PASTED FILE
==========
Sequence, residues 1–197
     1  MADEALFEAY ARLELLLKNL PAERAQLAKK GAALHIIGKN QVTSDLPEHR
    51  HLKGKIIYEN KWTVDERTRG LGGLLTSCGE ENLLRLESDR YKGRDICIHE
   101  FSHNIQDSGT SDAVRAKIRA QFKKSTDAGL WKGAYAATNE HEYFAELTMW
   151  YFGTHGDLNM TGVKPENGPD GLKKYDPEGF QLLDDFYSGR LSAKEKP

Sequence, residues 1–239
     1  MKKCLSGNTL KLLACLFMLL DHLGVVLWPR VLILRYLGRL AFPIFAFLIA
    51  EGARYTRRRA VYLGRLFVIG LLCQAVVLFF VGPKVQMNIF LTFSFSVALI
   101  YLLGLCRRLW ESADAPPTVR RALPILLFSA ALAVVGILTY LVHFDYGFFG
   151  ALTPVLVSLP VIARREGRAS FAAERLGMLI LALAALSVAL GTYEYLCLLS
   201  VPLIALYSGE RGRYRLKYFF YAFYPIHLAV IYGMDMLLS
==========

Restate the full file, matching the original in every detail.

Sequence, residues 1–197
     1  MADEALFEAY ARLELLLKNL PAERAQLAKK GAALHIIGKN QVTSDLPEHR
    51  HLKGKIIYEN KWTVDERTRG LGGLLTSCGE ENLLRLESDR YKGRDICIHE
   101  FSHNIQDSGT SDAVRAKIRA QFKKSTDAGL WKGAYAATNE HEYFAELTMW
   151  YFGTHGDLNM TGVKPENGPD GLKKYDPEGF QLLDDFYSGR LSAKEKP

Sequence, residues 1–239
     1  MKKCLSGNTL KLLACLFMLL DHLGVVLWPR VLILRYLGRL AFPIFAFLIA
    51  EGARYTRRRA VYLGRLFVIG LLCQAVVLFF VGPKVQMNIF LTFSFSVALI
   101  YLLGLCRRLW ESADAPPTVR RALPILLFSA ALAVVGILTY LVHFDYGFFG
   151  ALTPVLVSLP VIARREGRAS FAAERLGMLI LALAALSVAL GTYEYLCLLS
   201  VPLIALYSGE RGRYRLKYFF YAFYPIHLAV IYGMDMLLS